I. Lewis "Scooter" Libby was once Vice President Dick Cheney's closest adviser.
Now he faces the possibility of up to 25 years in prison for lying and obstruction in the CIA leak investigation.
The jury in the case -- made up of four men and seven women after one juror was dismissed -- had to wade through an ocean of evidence before reaching a guilty verdict in the trial.
Juror Denis Collins said that, overall, the panel had sympathy for Libby as person.
"Someone on the jury said he [Libby] was taking one for the team," Collins said today on "Good Morning America." "I think that was definitely the feeling."
The jury concluded that Libby had lied to FBI agents and a grand jury investigating who had leaked the identity of Valerie Plame, a formerly covert CIA officer.
Jurors believed the prosecution's argument that Libby had lied to cover up a campaign by the White House to discredit former Ambassador Joseph Wilson, Plame's husband, who publicly had cast doubts on one of the administration's main reasons for going to war in Iraq.
Prosecutor Patrick Fitzgerald said the verdict had cast a dark cloud over the vice president's office.
"I think the jury looked at the context of the entire case, and the context of the entire case was shaped by the vice president," said Michael Levy, a former federal prosecutor.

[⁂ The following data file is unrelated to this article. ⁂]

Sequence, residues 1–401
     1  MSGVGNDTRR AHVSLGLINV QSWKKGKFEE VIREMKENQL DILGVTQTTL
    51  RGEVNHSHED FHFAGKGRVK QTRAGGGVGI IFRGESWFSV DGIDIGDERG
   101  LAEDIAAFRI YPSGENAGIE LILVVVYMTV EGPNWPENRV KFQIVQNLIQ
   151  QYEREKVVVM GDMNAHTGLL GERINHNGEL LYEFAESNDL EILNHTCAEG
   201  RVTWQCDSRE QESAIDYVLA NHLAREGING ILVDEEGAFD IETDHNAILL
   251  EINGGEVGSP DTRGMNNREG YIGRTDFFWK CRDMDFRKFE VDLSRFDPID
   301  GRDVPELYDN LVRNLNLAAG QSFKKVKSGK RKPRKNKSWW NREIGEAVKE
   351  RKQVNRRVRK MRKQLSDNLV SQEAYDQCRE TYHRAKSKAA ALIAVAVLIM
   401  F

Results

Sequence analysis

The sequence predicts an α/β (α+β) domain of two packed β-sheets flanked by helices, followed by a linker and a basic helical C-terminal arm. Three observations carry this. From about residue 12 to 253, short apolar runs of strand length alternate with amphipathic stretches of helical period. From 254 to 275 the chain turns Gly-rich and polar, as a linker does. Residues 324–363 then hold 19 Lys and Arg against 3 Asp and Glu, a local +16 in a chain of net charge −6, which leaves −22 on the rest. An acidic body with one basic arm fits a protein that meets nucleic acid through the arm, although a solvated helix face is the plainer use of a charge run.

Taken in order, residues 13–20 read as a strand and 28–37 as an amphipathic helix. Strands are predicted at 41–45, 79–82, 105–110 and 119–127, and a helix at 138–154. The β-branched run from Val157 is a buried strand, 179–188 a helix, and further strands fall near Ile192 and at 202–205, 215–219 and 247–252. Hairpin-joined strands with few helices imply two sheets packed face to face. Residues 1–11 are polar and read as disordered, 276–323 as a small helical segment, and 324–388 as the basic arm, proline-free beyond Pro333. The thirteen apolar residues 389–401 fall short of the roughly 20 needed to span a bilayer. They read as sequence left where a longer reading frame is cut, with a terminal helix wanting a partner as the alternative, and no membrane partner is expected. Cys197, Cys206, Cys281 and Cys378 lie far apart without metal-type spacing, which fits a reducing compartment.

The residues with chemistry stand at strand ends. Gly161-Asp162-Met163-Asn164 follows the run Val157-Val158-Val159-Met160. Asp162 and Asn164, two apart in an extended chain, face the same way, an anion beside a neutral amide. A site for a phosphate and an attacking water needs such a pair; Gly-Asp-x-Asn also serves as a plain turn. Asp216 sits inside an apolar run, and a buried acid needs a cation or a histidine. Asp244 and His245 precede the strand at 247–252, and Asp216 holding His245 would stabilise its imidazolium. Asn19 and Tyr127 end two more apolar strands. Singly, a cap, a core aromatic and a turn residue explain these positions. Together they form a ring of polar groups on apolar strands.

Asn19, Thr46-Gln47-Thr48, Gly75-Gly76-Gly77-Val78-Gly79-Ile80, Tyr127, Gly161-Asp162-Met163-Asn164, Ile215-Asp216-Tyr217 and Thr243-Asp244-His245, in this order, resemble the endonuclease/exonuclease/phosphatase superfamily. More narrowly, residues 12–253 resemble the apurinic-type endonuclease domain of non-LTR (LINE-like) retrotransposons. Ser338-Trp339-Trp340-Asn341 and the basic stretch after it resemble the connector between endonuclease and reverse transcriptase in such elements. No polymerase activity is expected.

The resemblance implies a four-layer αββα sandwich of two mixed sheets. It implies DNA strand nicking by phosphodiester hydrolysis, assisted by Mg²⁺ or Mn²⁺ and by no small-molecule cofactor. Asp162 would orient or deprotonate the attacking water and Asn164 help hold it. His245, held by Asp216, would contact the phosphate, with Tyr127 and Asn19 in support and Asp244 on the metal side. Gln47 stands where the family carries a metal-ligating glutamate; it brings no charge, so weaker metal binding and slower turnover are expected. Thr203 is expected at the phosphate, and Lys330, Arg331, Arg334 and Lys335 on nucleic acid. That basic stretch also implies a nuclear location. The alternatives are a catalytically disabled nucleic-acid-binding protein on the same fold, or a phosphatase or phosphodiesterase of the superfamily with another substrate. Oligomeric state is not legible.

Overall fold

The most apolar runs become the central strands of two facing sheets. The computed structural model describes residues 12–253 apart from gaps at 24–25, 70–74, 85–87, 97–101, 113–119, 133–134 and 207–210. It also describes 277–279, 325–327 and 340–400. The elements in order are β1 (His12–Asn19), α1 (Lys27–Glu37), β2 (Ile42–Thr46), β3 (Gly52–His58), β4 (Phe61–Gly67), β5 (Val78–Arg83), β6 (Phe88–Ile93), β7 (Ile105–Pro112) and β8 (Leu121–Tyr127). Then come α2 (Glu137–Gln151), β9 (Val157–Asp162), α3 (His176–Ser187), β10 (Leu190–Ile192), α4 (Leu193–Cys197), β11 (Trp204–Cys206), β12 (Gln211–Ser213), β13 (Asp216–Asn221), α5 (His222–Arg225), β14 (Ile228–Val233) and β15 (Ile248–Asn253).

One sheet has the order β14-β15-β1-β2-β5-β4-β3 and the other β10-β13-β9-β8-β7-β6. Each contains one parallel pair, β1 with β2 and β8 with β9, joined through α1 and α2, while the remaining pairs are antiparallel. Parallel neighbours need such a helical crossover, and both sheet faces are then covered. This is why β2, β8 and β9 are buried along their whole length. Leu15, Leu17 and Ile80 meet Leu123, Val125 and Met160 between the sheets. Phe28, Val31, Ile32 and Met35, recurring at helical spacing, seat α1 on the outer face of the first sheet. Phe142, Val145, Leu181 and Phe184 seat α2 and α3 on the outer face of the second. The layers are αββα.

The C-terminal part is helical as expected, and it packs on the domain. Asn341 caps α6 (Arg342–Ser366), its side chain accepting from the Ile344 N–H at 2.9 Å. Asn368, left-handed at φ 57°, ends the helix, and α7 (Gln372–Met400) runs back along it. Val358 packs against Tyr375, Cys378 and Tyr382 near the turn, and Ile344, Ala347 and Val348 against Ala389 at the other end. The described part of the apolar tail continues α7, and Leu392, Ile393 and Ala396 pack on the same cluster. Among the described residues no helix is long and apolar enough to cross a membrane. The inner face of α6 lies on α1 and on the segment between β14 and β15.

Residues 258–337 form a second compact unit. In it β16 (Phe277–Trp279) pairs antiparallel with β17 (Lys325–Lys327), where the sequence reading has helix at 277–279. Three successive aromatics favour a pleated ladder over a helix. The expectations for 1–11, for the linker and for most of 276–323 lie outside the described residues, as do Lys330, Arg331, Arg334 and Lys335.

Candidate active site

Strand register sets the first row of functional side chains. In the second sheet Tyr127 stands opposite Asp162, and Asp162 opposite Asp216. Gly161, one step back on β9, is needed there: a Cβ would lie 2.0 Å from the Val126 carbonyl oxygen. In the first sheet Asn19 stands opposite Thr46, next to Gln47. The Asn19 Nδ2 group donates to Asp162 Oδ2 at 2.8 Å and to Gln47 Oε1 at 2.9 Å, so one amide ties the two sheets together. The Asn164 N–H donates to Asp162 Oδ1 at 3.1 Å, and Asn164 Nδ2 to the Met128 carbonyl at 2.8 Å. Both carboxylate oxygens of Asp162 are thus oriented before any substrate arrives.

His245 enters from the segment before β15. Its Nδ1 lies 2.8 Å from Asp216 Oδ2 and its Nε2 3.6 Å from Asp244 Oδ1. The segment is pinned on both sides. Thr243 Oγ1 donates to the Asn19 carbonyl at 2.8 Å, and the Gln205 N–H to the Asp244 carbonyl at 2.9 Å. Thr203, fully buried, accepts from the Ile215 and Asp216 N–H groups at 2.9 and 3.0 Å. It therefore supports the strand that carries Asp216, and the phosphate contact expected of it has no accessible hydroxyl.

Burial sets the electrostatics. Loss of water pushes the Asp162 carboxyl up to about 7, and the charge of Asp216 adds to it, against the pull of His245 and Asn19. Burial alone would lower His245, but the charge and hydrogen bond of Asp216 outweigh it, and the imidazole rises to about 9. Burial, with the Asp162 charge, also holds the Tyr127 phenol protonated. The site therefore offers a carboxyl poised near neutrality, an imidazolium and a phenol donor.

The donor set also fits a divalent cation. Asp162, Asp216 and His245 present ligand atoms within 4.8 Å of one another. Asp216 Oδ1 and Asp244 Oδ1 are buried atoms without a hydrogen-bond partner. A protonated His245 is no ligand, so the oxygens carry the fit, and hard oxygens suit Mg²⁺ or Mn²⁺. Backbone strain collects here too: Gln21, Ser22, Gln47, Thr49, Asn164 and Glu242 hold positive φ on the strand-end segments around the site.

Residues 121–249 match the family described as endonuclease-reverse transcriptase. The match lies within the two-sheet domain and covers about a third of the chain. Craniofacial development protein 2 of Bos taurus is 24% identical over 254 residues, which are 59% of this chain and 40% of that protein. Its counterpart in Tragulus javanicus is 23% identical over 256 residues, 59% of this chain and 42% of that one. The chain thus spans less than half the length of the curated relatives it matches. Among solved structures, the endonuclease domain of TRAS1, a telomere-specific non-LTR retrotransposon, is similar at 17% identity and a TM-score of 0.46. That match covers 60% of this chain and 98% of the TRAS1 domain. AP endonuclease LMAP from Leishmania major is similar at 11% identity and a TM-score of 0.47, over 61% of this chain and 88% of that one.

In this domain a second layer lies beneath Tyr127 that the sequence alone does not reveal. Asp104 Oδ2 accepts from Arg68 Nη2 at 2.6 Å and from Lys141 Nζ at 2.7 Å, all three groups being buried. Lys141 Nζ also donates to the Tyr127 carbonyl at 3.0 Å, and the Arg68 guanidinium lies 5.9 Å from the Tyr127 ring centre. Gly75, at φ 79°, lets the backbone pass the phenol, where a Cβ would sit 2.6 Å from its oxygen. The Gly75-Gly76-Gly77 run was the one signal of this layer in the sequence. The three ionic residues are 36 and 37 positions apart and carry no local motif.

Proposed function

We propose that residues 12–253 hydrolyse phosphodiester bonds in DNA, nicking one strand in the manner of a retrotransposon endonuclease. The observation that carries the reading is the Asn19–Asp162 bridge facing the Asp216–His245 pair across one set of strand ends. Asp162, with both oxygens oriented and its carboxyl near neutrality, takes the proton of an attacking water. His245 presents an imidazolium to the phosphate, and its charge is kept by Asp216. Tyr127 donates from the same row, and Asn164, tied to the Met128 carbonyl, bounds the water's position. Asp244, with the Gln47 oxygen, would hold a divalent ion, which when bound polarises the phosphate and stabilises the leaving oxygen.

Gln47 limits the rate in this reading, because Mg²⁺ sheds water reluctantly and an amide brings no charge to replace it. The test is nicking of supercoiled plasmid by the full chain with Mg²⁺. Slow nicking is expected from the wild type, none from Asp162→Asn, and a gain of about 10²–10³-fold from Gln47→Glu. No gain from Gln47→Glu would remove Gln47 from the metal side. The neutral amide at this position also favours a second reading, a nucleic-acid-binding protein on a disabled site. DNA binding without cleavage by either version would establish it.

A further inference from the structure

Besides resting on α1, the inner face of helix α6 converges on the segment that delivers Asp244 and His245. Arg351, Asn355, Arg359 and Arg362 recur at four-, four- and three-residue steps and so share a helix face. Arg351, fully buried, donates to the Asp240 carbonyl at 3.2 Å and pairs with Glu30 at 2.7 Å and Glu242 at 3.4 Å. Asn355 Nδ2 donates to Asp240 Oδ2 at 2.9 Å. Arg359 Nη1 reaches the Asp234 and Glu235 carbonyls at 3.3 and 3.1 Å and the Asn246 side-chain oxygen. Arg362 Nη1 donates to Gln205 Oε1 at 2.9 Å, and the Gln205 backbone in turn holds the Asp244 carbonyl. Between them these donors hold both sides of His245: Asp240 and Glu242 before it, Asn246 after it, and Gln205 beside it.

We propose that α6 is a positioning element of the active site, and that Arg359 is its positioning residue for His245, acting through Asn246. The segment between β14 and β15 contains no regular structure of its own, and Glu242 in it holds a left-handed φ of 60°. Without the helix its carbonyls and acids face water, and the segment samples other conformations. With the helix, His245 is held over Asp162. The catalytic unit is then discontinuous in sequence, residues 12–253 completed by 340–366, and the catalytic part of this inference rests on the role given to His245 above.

Collins said it was clear to the jury that Libby had been "sent out" to talk to reporters about Wilson and Plame.
"The defense said in effect he was putting his neck into the meat grinder," Collins said.
The jury also heard testimony that former Deputy Secretary of State Richard Armitage and Bush adviser Karl Rove were behind the initial leak to reporters about Plame's identity.
Collins said that was a source of frustration for the jurors.
"I can only say that three or four times during this trial someone would say, 'What are we doing here? Where are these other guys?'" he said.
Cheney released a statement saying that he was "very disappointed with the verdict" and that he was "saddened for Scooter and his family."
Collins told "GMA" that he could only imagine Cheney was not very happy about the verdict this morning.
"I know from all we saw and heard Mr. Libby was very dedicated to the vice president," Collins said. "Someone told us he spent more time with the vice president than his wife and family."
Libby was stoic when the verdict was read, and his defense attorney, Ted Wells, vowed to appeal.
The White House did not comment on a possible pardon for Libby, saying such speculation was extremely premature.
Though this trial is wrapped up, the legal fight for the Bush administration is only beginning. The Wilsons have filed a lawsuit against not only Libby but Cheney and Rove.
Collins said that if there was any positive message to be taken away from the trial, it was the dedication of the jury. The members of the panel were "meticulous," he said.
"We had a big job to do," Collins said. "Several people took this task as seriously as they had anything in their life. So I would hope the message is, 'Hey, this is what a jury does.'"